It all comes down to God's will. "He has mercy on whom He wills, and whom He wills He hardens" (Romans 9:18).
Another argument against this is, "It destroys human accountability" (Randolph, ibid., p. 75). Arminius, in arguing against reprobation stated,
From the same position we might also infer, that God is the only sinner. For man, who is impelled by an irresistible force to commit sin, (that is, to perpetrate some deed that has been prohibited,) cannot be said to sin himself (The Works of James Arminius, Vol. I, p. 630, italics in original).
Paul answers this with,
You will say to me then, "Why does He still find fault? For who has resisted His will?" But indeed, O man, who are you to reply against God? (Romans 9:19-20)
Even though Scripture teaches that God rightly holds men accountable for their actions (Galatians 6:7-8; Psalm 96:13; Matthew 25:31-46; Revelation 20:11-15), Paul gets right to the point with, "Who are you to reply against God?"
Will the thing formed say to him who formed it, "Why have you made me like this?" Does not the potter have power over the clay, from the same lump to make one vessel for honor and another for dishonor? (Romans 9:20-21)
The answer to this question is an emphatic, "Yes!"
The earth is the Lord's, and all its fullness, the world and those who dwell therein. (Psalm 24:1)
Woe to him who strives with his Maker! (Isaiah 45:9)
Everything and everybody belongs to the Lord and He can do whatever He so chooses to do with whatever or whomever He so chooses. He can, and has, made vessels of mercy and vessels of wrath, the former to display His immense love and kindness forever (Ephesians 2:7; 1 Peter 2:9), the latter to display His intense hatred for sin and sinners forever (Psalm 92:5-7; Isaiah 66:24). As Paul rhetorically asks,
What if God, wanting to show His wrath and to make His power known, endured with much longsuffering the vessels of wrath prepared for destruction, and that He might make known the riches of His glory on the vessels of mercy, which He had prepared beforehand for glory, even us whom He called, not of the Jews only, but also of the Gentiles?
Some may stumble at Paul's words because his statement about vessels of wrath and vessels of mercy is put forth as a question. But note, his question is rhetorical. Moreover, if the second part (vessels of mercy) is true, so is the first (vessels of wrath). Furthermore, Paul's words immediately after this question confirm that he speaks rhetorically.
As He says also in Hosea: "I will call them My people, who were not My people, and her beloved, who was not beloved." "And it shall come to pass in the place where it was said to them, 'You are not My people,' there they shall be called sons of the living God." Isaiah also cries out concerning Israel: "Though the number of the children of Israel be as the sand of the sea, the remnant will be saved. For He will finish the work and cut it short in righteousness, because the Lord will make a short work upon the earth." (Romans 9:22-28)
Salvation is the work of God (Ephesians 2:10), and He has decided to do "a short work upon the earth." If salvation is His work, then so is damnation. As Psalm 92:5-7 says,
O Lord, how great are Your works! Your thoughts are very deep. A senseless man does not know, nor does a fool understand this. When the wicked spring up like grass, and when all the workers of iniquity flourish, it is that they may be destroyed forever.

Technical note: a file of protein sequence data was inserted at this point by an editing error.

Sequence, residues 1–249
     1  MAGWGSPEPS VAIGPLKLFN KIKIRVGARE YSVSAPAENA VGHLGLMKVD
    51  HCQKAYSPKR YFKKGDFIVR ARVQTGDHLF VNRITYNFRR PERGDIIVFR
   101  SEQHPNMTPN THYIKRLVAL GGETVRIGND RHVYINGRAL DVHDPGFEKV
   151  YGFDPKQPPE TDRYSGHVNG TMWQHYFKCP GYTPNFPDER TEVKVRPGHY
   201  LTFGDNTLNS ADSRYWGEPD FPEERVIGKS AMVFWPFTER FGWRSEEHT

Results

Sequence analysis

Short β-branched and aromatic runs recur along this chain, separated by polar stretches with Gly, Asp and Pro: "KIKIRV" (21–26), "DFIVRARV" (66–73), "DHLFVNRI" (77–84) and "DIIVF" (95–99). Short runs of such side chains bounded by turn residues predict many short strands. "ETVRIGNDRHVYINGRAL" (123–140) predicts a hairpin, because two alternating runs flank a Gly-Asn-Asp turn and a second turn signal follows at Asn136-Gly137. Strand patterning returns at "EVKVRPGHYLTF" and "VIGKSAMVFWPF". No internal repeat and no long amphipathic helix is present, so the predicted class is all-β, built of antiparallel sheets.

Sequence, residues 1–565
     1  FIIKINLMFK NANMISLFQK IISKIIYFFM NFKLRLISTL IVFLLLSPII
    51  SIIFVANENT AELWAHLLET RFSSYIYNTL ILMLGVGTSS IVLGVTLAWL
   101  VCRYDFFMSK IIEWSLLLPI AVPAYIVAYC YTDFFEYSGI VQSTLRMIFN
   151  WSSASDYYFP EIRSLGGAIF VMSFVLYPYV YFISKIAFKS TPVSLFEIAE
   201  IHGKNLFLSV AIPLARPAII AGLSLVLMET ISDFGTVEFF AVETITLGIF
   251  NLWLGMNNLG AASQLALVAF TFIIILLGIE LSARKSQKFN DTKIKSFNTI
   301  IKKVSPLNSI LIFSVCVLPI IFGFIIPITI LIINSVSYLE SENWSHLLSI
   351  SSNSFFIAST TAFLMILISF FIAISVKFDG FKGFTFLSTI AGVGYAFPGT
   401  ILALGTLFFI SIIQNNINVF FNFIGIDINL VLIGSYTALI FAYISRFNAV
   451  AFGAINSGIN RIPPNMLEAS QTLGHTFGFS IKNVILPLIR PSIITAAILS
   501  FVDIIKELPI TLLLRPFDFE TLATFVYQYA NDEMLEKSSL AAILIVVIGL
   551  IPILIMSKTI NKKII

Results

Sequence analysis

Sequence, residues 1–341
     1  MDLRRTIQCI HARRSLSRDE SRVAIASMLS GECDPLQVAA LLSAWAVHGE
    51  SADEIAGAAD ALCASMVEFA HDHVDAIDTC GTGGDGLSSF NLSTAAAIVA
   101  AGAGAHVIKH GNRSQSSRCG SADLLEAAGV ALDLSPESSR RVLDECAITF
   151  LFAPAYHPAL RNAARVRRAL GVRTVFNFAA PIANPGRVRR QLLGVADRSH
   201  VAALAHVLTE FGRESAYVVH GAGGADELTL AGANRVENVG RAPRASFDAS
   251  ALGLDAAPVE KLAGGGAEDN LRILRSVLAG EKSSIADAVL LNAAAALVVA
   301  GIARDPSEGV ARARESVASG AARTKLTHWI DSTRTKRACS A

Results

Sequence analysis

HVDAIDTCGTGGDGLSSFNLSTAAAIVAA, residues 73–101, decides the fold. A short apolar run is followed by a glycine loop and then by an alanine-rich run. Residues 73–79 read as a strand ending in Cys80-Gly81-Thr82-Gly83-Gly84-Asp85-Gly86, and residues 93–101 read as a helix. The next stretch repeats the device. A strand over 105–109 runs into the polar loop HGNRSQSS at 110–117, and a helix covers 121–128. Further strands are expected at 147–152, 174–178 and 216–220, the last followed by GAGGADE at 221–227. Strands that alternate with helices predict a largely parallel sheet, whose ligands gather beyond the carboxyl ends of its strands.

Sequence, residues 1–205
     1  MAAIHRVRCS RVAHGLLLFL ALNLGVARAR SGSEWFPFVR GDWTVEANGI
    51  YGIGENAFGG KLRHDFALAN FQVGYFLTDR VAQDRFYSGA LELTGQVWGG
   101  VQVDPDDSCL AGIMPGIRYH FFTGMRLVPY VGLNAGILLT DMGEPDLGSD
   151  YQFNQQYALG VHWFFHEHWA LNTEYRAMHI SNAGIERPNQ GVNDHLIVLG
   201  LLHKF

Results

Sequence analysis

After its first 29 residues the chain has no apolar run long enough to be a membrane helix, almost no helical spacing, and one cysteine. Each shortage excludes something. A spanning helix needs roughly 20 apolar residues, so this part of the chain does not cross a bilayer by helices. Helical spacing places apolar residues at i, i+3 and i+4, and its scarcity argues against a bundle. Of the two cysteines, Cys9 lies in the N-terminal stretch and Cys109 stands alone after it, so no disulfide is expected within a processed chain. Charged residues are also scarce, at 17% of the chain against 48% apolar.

This has been God's plan from the beginning (Acts 13:48; 2 Timothy 1:9; Revelation 13:8); that the wicked would flourish, and that He would destroy them forever (Revelation 21:8). Senseless people and fools do not understand this (Psalm 92:6). Arminians (i.e. those who reject this truth) are fools.
Actually, it should be no surprise that God controls the eternal destiny of every individual. He controls every other aspect of life, and the human experience knows this, at least in part. Did we choose the time in history in which we would be born and live? Obviously not, yet God obviously did (Acts 17:26). Did we choose to be able to speak, or hear, or see?
Who has made man's mouth? Or who makes the mute, the deaf, the seeing, or the blind? Have not I, the Lord? (Exodus 4:11)
Did we choose the color of our hair, the color of our eyes, the form and beauty of our bodies (or lack thereof, e.g. Genesis 29:17), our ability to walk, or run, or do anything that we can do? No, we did not. For "it is He who has made us, and not we ourselves" (Psalm 100:3). Even in regards to the rich or the poor, "The Lord is the maker of them all" (Proverbs 22:2). "A man's heart plans his way, but the Lord directs his steps" (Proverbs 16:9). Truly, it is all by the hand of God, and so it is no less with man's eternal destiny (Ephesians 1:3-5; Romans 9:6-28), as Job said,
For He performs what is appointed for me, and many such things are with Him. Therefore I am terrified at His presence; when I consider this, I am afraid of Him. (Job 23:14-15)
So, Psalm 65:4 declares,
Blessed is the man You choose, and cause to approach you, that he may dwell in Your courts.
III. Limited Atonement (or Unlimited Atonement)3
Thus far we have seen mainly the error of Arminianism. Now, in this third point, some of Calvinism's folly appears. The issue here lies with the fact that Calvinism teaches that Christ died only for the elect (i.e. limited atonement). Arminians contend Christ died for all mankind, elect and non-elect (i.e. unlimited atonement). The Arminian Dale Yocum sums it up by saying,
There is no area in which the contrast between Calvinism and Arminianism is any more definite than in consideration of the extent of the atonement. Calvinists have insisted that Christ in His death provided atonement only for the elect, as has already been illustrated. Arminius strongly opposed such a view and insisted that the atonement was provided for all men. (Creeds In Contrast, p. 80)